By Sushmita Bose
I always see the (inwardly) whenever someone comes back from Delhi and revels in carping about getting around in the Indian capital. The traffic, they report, is a nightmare, and getting from point A to point B is like navigating hell. My frequent — but short — trips to Delhi are geographically constricted: I live in a certain area, and my outings have a radius of three to four kilometres… So I cannot jump to my hometown’s defence as fast as I’d like to.
The course of the last fortnight was different. I was in Delhi to attend a long-drawn-out family wedding, and since nobody could be bothered to pull out the red carpet for me (the bride and groom were hogging centrestage), I was pretty much left to my own devices… everyone’s car seemed to be on wedding duty, so I had to fend for myself getting from point A to point B every time I stepped out of the house. And since I was there for a fairly extended period of time, I had to travel long distances in an attempt to catch up with friends and former colleagues in their nesting places.
In between, I had to also make a couple of trips to the New Delhi Railway Station — that I’d last been to 15 years ago — to pick up my father (and drop him back), who was coming to town for the wedding from Kolkata and had insisted on taking a train (more comfortable, according to him).
The lie of the land that is Delhi had suddenly become a personalised map.
By the end of the time I spent there, I was rejuvenated. Physically, because it had been way easier than I thought it would be. Mentally, because I now have solid grounds to defend Delhi.
Traffic was no walk in the park, there were some bad snarls especially during peak hours, but I was trying to look at life as a glass half full. What I enjoyed the most was getting back on the ground. For way too long, I’d been told since I’m an “NRI” now, I won’t be able to handle ground realities in Delhi “these days”; I want to say this is the city that’s shaped my thinking and, in many ways, made me what I am, but I’m usually too tired to debate the matter, so I let it be.
This time, I was back in the saddle, getting an unfiltered view after ages… and even if that meant sniffing polluted air, it was quite alright…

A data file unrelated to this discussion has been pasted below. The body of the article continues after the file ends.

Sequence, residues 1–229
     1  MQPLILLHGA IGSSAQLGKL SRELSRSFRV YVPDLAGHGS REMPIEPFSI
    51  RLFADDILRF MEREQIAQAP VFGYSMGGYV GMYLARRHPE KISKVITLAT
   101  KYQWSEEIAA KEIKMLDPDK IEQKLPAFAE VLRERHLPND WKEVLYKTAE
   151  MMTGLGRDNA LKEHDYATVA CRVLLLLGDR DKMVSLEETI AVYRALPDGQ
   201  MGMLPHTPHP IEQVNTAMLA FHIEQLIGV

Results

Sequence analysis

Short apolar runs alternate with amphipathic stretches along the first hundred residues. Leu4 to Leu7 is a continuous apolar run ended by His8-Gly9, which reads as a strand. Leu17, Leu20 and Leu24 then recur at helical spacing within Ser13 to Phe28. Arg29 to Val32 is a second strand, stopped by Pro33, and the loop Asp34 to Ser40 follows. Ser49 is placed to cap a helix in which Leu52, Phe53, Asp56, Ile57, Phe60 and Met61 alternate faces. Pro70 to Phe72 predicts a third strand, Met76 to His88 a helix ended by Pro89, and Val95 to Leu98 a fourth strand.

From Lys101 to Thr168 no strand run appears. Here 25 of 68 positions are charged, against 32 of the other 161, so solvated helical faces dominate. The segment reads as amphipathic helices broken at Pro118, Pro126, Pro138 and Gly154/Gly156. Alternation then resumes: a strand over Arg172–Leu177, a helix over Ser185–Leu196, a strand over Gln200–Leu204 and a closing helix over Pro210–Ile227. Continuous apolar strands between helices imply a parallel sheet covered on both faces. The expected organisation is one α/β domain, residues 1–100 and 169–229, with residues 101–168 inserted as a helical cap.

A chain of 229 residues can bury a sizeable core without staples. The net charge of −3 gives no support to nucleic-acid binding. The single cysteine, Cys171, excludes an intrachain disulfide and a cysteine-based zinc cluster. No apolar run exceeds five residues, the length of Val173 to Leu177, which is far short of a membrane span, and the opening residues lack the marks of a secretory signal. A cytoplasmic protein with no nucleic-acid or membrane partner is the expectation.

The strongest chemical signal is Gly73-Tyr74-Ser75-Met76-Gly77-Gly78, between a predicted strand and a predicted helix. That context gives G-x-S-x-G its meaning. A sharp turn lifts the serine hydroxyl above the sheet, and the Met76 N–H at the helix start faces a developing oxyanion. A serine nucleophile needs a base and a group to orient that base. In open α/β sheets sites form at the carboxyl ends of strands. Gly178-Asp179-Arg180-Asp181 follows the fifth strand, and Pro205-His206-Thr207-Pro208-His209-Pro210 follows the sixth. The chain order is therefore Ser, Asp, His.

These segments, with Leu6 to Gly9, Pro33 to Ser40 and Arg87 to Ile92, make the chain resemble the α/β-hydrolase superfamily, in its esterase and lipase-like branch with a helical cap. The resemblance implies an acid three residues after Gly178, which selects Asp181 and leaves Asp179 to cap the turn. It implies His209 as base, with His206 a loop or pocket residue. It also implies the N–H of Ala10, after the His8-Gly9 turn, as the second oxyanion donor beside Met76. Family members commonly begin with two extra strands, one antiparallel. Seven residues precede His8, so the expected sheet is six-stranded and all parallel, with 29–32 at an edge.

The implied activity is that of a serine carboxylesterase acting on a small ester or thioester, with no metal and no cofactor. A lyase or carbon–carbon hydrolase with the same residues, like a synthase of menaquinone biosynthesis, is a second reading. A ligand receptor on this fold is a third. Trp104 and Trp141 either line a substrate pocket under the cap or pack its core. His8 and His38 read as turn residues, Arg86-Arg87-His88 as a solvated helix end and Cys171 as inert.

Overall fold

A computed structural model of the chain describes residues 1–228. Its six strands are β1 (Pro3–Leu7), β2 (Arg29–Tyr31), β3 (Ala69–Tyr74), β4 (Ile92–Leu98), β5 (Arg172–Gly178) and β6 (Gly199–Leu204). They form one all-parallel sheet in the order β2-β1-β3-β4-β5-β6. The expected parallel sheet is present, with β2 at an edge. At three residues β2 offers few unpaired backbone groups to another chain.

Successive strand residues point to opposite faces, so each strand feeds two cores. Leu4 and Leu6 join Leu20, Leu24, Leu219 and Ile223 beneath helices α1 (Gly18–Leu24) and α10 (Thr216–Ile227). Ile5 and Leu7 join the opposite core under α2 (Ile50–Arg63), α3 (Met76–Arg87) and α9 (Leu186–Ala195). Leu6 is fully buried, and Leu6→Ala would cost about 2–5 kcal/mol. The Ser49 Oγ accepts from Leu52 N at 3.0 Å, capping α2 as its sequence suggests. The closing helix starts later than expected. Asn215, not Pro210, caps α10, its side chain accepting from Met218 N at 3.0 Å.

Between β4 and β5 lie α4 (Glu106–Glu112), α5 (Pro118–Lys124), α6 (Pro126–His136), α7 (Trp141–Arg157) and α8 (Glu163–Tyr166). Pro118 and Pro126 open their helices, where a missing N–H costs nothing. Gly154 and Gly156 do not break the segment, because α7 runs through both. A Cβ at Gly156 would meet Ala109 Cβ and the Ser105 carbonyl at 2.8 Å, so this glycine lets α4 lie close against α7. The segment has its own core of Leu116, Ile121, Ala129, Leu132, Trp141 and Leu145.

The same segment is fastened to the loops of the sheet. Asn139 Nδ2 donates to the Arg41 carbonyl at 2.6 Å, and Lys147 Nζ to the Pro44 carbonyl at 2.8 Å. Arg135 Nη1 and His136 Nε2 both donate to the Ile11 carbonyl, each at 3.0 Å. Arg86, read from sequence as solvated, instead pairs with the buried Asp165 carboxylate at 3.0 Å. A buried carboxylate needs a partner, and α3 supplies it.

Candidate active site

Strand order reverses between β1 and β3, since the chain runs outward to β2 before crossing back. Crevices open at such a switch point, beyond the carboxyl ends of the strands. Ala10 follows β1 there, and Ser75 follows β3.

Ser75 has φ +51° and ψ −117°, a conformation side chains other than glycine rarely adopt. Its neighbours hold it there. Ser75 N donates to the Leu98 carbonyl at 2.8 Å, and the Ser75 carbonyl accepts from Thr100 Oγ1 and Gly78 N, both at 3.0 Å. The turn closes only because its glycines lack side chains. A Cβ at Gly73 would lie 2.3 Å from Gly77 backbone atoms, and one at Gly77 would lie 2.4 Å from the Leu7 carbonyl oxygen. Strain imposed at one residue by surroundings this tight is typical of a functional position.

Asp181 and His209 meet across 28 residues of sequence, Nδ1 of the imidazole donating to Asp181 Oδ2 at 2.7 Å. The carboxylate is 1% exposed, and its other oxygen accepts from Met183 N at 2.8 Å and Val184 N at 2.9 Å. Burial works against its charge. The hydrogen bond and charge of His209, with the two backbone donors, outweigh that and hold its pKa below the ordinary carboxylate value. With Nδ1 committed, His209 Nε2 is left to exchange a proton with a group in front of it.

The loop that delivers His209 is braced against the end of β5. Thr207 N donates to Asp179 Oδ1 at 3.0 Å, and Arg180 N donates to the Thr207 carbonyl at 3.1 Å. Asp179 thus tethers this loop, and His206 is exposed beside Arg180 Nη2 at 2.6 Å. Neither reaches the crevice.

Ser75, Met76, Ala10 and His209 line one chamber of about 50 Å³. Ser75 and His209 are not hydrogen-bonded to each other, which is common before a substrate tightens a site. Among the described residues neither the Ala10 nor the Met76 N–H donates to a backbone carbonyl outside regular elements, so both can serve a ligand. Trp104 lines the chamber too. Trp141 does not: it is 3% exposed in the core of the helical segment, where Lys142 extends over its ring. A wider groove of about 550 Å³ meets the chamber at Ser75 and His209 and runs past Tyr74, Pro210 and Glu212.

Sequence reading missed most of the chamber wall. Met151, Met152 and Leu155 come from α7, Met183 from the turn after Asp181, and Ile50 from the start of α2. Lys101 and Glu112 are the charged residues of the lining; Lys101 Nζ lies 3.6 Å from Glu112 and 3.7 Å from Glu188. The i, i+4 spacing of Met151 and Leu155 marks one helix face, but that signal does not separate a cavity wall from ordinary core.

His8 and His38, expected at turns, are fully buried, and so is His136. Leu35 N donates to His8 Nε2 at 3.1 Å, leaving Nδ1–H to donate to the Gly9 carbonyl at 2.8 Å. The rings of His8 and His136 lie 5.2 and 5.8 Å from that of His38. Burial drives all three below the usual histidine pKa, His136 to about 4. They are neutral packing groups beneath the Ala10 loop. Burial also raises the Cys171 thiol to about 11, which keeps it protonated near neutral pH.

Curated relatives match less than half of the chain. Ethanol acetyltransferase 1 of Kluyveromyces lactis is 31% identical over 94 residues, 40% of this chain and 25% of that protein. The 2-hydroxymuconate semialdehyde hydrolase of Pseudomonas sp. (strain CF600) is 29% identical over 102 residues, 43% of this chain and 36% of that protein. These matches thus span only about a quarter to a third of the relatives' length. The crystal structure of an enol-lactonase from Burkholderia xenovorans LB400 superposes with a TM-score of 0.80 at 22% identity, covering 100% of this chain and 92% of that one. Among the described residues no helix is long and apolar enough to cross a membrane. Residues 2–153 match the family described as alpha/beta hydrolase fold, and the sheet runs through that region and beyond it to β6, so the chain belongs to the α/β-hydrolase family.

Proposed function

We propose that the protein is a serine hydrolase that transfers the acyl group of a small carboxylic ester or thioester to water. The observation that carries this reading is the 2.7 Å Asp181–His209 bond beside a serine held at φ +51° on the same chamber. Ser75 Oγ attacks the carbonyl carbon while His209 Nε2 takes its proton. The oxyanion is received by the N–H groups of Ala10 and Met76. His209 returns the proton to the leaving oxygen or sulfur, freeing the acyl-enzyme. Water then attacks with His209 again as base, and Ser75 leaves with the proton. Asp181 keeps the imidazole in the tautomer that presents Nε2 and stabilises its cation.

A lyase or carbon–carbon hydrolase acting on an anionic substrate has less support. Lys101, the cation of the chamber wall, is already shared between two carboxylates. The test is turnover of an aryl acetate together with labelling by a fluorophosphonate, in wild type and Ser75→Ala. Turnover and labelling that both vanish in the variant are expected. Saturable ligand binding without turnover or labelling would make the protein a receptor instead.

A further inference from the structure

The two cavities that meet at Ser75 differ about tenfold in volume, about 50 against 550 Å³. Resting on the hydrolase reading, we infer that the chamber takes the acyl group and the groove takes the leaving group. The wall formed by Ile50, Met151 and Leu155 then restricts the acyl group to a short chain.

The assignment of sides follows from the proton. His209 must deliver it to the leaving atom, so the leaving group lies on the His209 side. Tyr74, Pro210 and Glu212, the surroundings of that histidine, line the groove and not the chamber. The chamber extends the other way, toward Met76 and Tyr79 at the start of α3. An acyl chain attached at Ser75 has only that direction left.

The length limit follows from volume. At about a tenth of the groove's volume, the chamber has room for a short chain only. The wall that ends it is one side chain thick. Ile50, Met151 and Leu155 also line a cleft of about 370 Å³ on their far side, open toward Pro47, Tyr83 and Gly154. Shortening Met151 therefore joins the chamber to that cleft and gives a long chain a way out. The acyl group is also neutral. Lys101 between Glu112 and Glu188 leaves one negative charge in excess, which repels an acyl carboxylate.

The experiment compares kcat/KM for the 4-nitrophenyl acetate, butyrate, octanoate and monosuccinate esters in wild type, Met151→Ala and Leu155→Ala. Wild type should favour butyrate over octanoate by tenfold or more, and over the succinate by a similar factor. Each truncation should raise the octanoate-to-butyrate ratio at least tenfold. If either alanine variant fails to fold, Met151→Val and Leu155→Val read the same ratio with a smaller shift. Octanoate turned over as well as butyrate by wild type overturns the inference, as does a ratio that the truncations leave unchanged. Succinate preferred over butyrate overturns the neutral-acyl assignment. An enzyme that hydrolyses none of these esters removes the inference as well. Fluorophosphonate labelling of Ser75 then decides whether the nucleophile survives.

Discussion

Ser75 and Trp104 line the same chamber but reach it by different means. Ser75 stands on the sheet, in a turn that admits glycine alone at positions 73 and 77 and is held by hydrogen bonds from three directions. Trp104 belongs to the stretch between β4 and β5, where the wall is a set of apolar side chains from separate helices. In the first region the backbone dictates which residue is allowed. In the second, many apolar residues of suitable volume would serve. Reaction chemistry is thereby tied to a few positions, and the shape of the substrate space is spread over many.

In many ways, the city has changed — for the better, for the worse — but it still remains the Delhi I so loved and love, the city that taught me tough love.
As always, human interactions were the lodestar: from hobnobbing with tea-stall vendors in Chandni Chowk and cops at the railway station to chatting up bookstore owners in south Delhi and restaurant chefs in Khan Market.
But it was the drivers — a.k.a. navigators — who made my trip truly memorable. Criss-crossing the vast expanse that the National Capital Region, I rode along with many voices and sensibilities. I was most chuffed that my India rating on a car-riding app was stuck at 5.
A friend who was ordering rides for me (when I didn’t have mobile data) from his app told me that his rating had been hiked from 4.52 to 4.86 — thanks to me. “I think it’s a gender thing — men always rate women more favourably,” he complained, but I knew better: I had been having most entertaining conversations with cabbies, and parting as friends.
Also, it couldn’t have been a “gender thing” because there was this top-notch woman driver who took me from point A to point B one day. I was trying to, sneakily, take some photos of her (side angles), and then realised I shouldn’t be doing that so manned up sufficiently to ask her if she’d mind posing for a facing-into-the-camera-type photo, and she agreed readily.
I had numerous occasions to fall back on the trusty centre-of-gravity-defying Delhi autos — again, after ages. Happy to note I was completely at home in them as they did the rough and rumble routine. One evening, we got lost inside the IIT Delhi campus, and with no GPS or Google Maps to guide him, the driver used his smarts to get me to the exact location even as we cracked jokes about the “homogeneity of the campus layout”.
Soon after, at one of the many heady wedding parties, there was a group of men having a convo presided over by one gent — a friend of my uncle’s — who’s recently relocated from New York. “What a city, New York, and I cannot get over the yellow cabs!” he was saying, and everyone was nodding in agreement and adding their two cents, including my uncle who’s just back from a trip to the Big Apple. I sashayed into the group, placed my flute on the round table they were gathered around, and announced, “What New York yellow cabs? Have you tried out the New Delhi autos? Leagues ahead!”
Sushmita is editor, WKND. She has a penchant for analysing human foibles